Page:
But when you’re hawking some Madison Avenue version of the American dream, something as messy and as complicated as real life is not for sale. Everything else is. Including integrity.
The irony, of course, is that the real story is far more interesting, far more real, far more revealing of the human condition, than the packaged one. And Patrick Reed’s estrangement from his family, not his overhyped entry into the pantheon of mythic Masters winners, is the real story.
But, again, what unfolds on CBS every April is not real. It’s entertainment, carefully and cynically packaged to make the network and its sponsors the most amount of money possible.
Those who control the packaging have decided that family dysfunction doesn’t sell cars and expensive watches and the other overpriced stuff they hawk during the four days of the Masters tournament.
The funny thing is that if the people in the control room trusted the truth as much as they trust the people who tell them what to do, they would realize the truth might actually boost their ratings.
The fact is that, compared to identifying with multi-millionaires who can routinely drive a golf ball more than 300 yards, far more people sitting at home could relate to what the Reeds and his wife’s family are engaged in: the pitting of one family against another, the way money can act as fuel to any family fire, the animosities that breed in forced silences, the way grievances real and imagined can make people who once loved each other hate each other.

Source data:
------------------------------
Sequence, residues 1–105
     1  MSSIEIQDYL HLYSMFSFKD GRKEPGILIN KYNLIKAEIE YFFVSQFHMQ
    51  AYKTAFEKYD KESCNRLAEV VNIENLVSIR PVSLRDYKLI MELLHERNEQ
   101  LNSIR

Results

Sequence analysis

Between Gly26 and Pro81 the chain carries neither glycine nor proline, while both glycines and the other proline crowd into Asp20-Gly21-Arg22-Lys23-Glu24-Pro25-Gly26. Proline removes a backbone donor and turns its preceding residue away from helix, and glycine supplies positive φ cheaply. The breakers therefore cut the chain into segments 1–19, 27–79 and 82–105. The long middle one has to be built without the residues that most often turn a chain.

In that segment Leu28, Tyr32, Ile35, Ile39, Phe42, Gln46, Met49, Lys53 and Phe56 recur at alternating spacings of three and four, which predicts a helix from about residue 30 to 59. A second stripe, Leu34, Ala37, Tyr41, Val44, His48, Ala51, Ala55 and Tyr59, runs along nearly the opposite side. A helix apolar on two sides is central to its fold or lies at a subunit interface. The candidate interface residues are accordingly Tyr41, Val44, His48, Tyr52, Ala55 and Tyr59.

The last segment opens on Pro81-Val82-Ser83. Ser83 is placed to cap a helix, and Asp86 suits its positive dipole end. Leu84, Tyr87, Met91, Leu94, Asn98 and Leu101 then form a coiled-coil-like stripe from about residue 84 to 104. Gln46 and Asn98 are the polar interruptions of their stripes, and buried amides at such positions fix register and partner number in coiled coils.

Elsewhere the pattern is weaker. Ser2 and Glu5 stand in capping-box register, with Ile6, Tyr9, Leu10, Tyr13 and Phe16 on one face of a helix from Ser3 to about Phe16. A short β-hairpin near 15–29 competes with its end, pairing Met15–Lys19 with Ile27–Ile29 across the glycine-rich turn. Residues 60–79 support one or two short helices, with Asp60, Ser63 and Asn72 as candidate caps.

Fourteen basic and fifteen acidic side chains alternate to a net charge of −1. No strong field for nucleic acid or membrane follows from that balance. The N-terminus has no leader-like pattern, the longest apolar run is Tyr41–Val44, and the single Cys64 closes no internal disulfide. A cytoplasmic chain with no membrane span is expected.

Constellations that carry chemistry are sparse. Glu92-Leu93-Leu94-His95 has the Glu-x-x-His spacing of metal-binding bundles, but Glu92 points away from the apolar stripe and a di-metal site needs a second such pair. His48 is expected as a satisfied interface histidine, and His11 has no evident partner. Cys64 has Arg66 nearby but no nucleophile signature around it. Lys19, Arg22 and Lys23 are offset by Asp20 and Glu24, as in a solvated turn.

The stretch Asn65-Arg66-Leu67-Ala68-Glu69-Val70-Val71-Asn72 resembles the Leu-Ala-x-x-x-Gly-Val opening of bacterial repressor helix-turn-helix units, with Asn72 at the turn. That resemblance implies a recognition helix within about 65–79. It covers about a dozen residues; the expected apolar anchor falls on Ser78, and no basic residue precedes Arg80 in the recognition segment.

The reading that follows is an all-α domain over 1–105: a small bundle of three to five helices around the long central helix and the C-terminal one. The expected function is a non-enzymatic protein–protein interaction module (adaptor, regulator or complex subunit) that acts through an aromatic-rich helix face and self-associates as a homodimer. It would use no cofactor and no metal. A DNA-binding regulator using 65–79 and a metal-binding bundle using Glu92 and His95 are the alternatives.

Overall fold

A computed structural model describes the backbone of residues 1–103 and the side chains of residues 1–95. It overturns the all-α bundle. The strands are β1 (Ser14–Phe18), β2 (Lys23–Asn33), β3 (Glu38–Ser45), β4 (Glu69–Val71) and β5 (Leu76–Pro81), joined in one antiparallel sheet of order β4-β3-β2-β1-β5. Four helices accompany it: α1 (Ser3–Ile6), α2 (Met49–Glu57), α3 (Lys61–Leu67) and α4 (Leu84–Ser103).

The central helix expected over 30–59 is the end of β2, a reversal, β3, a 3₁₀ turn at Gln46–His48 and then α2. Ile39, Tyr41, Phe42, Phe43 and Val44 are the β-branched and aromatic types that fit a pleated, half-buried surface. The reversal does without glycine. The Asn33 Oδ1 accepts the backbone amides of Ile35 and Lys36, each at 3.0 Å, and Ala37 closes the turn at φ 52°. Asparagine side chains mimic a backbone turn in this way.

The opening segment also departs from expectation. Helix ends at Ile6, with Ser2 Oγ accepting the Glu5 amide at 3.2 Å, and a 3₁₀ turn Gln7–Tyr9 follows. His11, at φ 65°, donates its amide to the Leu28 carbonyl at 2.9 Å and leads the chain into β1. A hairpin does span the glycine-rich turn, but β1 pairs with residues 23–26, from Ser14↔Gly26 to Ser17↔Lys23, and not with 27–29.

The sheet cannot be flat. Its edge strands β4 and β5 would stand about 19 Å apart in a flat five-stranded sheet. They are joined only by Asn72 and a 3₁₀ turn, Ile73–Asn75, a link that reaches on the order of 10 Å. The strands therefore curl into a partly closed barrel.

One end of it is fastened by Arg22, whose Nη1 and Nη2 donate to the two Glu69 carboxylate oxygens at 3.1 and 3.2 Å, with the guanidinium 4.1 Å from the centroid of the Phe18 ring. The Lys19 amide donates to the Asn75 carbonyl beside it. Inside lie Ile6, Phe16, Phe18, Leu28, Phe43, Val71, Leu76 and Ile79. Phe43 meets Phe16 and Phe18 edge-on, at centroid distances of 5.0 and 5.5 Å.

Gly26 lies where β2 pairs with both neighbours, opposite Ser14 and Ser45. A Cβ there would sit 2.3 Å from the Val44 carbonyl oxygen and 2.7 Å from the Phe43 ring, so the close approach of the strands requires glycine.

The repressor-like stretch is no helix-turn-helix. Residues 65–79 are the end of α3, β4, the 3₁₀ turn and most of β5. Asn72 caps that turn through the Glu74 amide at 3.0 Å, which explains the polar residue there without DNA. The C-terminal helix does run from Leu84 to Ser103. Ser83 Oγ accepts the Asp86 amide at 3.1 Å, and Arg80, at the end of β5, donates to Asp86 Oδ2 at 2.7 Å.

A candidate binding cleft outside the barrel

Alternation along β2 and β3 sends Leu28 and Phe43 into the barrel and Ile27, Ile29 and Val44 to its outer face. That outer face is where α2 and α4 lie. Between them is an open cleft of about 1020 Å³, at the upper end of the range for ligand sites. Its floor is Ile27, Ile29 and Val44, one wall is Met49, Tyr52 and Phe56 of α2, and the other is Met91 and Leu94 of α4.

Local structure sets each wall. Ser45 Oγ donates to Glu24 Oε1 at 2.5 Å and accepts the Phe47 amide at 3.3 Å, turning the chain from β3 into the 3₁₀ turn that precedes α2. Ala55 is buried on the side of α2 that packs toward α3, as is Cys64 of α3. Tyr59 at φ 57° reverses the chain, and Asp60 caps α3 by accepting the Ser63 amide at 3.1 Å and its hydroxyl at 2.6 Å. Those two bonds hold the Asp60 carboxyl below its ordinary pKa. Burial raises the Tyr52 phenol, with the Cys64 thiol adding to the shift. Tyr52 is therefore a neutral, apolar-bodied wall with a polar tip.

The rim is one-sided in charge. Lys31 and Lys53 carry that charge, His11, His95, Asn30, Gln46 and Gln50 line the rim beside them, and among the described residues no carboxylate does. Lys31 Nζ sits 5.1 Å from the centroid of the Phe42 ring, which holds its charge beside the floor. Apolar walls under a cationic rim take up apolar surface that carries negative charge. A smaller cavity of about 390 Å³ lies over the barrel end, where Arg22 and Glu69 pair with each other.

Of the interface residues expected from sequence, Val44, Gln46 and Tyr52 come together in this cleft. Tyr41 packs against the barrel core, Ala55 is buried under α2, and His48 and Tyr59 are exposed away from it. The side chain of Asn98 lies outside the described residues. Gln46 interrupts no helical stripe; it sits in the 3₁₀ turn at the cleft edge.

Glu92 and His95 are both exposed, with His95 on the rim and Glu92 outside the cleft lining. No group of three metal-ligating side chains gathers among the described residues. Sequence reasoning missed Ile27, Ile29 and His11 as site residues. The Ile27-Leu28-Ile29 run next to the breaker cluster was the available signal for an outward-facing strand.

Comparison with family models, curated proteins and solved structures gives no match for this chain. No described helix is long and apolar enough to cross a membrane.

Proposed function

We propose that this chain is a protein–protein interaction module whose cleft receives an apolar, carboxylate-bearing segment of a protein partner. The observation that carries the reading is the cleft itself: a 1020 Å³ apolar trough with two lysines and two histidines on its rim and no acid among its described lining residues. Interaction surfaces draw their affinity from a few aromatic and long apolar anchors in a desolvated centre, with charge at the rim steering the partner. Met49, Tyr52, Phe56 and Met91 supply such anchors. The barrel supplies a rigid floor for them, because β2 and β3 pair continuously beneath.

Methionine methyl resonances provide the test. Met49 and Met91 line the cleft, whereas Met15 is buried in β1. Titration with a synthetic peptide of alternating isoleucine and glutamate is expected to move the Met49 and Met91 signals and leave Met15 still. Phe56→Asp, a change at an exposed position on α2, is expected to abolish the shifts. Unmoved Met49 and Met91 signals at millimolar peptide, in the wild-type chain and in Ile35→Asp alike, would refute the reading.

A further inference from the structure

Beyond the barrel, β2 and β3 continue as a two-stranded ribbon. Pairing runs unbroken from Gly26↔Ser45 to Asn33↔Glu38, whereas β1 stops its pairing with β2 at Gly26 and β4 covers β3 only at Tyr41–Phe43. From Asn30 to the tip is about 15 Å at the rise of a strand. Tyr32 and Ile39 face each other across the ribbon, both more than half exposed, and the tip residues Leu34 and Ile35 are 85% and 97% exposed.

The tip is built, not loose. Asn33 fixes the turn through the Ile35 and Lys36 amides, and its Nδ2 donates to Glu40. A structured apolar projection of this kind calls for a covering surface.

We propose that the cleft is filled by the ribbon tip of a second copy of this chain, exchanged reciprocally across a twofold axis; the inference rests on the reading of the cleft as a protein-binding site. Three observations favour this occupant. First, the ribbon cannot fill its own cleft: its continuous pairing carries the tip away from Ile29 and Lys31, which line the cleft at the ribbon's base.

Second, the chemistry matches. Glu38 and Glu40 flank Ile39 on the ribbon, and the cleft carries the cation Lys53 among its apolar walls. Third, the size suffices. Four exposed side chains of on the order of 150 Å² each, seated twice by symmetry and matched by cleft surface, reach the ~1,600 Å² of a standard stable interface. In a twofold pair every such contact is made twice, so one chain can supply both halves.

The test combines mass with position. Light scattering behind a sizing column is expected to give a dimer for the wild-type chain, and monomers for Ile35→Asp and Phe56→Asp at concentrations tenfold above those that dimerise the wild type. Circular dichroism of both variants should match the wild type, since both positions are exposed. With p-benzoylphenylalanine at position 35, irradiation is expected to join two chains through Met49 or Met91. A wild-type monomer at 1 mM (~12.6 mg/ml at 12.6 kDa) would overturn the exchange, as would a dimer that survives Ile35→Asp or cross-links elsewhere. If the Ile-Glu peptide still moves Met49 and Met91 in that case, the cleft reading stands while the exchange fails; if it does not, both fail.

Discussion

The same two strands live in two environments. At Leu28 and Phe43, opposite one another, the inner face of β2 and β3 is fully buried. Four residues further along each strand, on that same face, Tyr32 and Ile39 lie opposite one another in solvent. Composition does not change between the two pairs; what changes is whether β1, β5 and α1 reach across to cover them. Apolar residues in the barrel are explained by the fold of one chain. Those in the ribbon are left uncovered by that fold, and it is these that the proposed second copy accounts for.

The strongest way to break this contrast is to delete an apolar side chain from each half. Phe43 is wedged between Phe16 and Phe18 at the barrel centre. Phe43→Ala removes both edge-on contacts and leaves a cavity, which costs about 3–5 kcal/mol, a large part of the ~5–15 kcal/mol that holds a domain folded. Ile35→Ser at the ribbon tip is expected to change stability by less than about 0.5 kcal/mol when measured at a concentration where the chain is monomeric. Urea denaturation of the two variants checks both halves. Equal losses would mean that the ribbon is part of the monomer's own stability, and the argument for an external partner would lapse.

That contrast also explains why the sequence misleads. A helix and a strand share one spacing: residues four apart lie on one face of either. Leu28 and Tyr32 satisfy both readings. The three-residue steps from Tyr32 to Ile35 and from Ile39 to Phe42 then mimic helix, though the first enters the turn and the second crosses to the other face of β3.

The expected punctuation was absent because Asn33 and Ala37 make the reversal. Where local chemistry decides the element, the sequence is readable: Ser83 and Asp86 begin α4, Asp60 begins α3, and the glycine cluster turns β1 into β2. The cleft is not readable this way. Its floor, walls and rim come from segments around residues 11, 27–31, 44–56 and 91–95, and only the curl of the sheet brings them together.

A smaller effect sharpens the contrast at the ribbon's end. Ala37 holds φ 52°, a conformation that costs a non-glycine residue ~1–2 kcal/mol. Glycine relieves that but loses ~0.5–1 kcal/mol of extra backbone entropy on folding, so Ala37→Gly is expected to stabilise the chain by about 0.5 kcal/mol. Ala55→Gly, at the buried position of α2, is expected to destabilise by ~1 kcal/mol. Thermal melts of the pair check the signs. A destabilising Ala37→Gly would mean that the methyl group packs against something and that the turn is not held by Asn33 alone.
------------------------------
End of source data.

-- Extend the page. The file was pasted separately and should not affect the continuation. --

After reading Alan Shipnuck’s stunning story, I turned on “CBS This Morning,’’ wondering how they’d cover it. I have appeared on the program and know and like and respect many of the people on that show, because they do good, serious, important journalism.
But the script hadn’t changed overnight, even as Shipnuck’s story went viral. So the script was all breathless hype.
The opening segment, “Your World in 90 Seconds,” showed Reed lining up the putt that sealed the championship.
“Will this be his life-changing moment?” Jim Nantz asked rhetorically, as Reed stood over that final putt.
I’m gonna go out on a limb here and suggest life for Captain America changed quite a bit in 2012 when he married a woman who, with her family, seems quite content to be part of the wall that has separated Reed from his parents and sister.
When someone wins The Masters, there is an elaborate ceremony, rich in tradition, in which all these millionaires sit around in their gaudy green jackets, like a meeting of some secret society. Except it’s anything but secret. It’s broadcast to the world. Those green jackets are symbols of exclusivity, of being part of something millions of others covet but never will be lucky or talented enough to achieve.
It’s all a bunch of jive, of course. Because at the end of the day, when Patrick Reed got home and hung up that green jacket in his closet, the fact remained that he had hugged a bunch of strangers on a day he chose not to hug his own mom, a day we’re all told was the greatest day of his life.
And if you can’t hug your mom after winning The Masters, what’s the point?
Correction: An earlier version of this story misstated the name of Jordan Spieth.